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Opsarius ornatus (SAUVAGE, 1883)

SynonymsTop ↑

Barilius ornatus Sauvage, 1883


Opsarius: apparently from an Ancient Greek word meaning ‘small fish’.

ornatus: from the Latin ornatus, meaning ‘decorated’.


Order: Cypriniformes Family: Cyprinidae


Unclear. Possibly restricted to a handful of small systems in Chumphon Province on the eastern side of the Isthmus of Kra, southern Thailand, with the majority of records deriving from the Tha Sae basin (Tejavej, 2012). This theory has been disputed (Kottelat, 2013) and the species may have been described from the Chao Phraya river system, although if this is the case it has not been collected there since its description.

Populations inhabiting the Salween, Ataran, Ping and Mekong drainages which were formerly considered to represent O. ornatus are confirmed as O. infrafasciatus (Tejavej, 2012).

Type locality is ‘Mé-Nam River, Thailand’, with ‘Mé-Nam’ having been considered an older name for the Chao Phraya river in central and western Thailand prior to this species’ redescription.


Collected exclusively from habitats containing flowing water, from sluggish streams to fast-moving rivers with substrates composed of sand, gravel or mud.

Sympatric species include Rasbora paucisqualis, Rasbora trilineata, Rasbora paviana, Hampala macrolepidota, Homaloptera sp., Nemacheilus masyae, Pangio sp., Xenenthodon sp., and Poropuntius genyognathus.

Maximum Standard Length

100 – 110 mm.

Aquarium SizeTop ↑

Requires a large aquarium with minimum surface area of 150 ∗ 60 cm or equivalent.


The aquarium should ideally be designed to resemble a flowing stream or river with a substrate of variably-sized rocks, sand, fine gravel, and some larger water-worn boulders. This can be further furnished with driftwood roots and branches if you wish but be sure to leave plenty of open swimming space.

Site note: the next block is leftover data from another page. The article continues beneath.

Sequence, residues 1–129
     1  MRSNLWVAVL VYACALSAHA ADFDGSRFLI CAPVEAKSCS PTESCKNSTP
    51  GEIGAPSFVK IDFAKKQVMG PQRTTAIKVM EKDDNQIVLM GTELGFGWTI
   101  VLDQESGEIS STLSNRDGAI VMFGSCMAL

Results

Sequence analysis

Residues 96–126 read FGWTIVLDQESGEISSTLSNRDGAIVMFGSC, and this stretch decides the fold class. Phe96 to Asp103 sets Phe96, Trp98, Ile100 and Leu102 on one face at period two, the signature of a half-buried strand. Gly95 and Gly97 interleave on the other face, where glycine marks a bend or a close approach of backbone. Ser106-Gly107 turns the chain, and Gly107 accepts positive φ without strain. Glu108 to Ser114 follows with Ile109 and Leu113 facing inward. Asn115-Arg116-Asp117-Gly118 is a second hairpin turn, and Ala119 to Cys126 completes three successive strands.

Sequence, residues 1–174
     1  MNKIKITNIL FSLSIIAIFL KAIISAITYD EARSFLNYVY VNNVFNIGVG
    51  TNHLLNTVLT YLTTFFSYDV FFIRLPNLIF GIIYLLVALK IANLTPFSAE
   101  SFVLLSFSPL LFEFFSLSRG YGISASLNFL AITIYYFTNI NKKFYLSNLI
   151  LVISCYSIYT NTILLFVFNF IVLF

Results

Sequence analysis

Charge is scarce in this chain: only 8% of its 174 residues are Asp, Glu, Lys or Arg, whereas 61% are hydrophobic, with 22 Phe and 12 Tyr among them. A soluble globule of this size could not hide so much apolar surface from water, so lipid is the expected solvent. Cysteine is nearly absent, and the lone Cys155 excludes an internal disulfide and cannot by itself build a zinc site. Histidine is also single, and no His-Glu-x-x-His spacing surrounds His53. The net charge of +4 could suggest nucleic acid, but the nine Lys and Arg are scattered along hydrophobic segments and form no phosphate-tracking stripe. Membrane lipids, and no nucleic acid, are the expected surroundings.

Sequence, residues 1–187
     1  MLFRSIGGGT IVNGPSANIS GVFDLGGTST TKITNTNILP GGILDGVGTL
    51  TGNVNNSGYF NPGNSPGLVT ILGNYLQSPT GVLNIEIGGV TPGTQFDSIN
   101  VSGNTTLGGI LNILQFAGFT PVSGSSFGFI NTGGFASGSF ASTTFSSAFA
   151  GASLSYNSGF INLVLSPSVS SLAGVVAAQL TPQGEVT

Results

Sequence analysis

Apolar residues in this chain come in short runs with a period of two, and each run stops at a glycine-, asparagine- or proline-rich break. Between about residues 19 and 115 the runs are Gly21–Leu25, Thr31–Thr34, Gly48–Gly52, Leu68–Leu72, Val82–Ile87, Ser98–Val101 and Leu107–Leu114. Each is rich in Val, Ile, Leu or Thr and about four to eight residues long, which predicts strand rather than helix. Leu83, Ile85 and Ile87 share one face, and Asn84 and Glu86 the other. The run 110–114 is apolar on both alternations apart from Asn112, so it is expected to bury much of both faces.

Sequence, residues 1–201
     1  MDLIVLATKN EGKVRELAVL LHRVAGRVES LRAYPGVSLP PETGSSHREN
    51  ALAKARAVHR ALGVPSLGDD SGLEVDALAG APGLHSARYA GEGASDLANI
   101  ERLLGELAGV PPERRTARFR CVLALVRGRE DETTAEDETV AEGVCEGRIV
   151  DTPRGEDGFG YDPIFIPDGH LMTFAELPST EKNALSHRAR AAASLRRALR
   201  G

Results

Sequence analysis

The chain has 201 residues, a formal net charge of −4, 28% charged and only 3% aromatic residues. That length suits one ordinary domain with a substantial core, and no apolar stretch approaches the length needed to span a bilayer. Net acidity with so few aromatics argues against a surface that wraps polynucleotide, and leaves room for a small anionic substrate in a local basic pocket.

While the majority of aquatic plants will fail to thrive in such surroundings hardy genera such as Microsorum, Bolbitis, or Anubias spp. can be grown attached to the décor.

This species is intolerant to the accumulation of organic wastes and requires spotless water at all times in order to thrive. It also does best if there is a high proportion of dissolved oxygen and moderate degree of water movement meaning external filters, powerheads, airstones, etc., should be employed as necessary.

As stable water conditions are obligatory for its well-being this fish should never be added to biologically-immature aquaria, and weekly water changes of 30-50% aquarium volume should be considered mandatory. A tightly-fitting cover is also essential as Opsarius spp. are prodigious jumpers.

A tightly-fitting cover is also essential since Barilius spp. are prodigious jumpers.

Water Conditions

Temperature18 – 26 °C

pH6.0 – 8.0

Hardness36 – 215 ppm


Opsarius spp. are predominantly surface-feeders preying on aquatic and terrestrial insects in nature, with some small fishes and benthic invertebrates probably taken as well.

In the aquarium good quality dried products can be offered but should be supplemented with regular meals of live and frozen fare such as chironomid larvae (bloodworm), Artemia, chopped earthworms, etc. Drosophila fruit flies and small crickets are also suitable provided they are gut-loaded prior to use.

Behaviour and CompatibilityTop ↑

Unsuitable for the general community due to its environmental requirements, and likely to outcompete or intimidate slow-moving and less bold species at meal times since it is an extremely fast swimmer and vigorous feeder. Much smaller fishes should also be omitted as they may be predated upon.

The best tankmates are similarly-sized, robust, pelagic cyprinids such as Dawkinsia, Barilius or larger Devario and Rasbora spp. while bottom-dwellers could consist of Garra, Crossocheilus, Botia and Schistura spp., for example. Many characids and loricariid catfishes should also work well, but be sure to perform thorough research before purchase.

Although gregarious by nature this is a shoaling rather than schooling species which develops a distinct pecking order and therefore should always be maintained in a group of five or more individuals. If only two or three are purchased the subdominant fish may be bullied incessantly whereas solitary specimens may become aggressive towards similar-looking species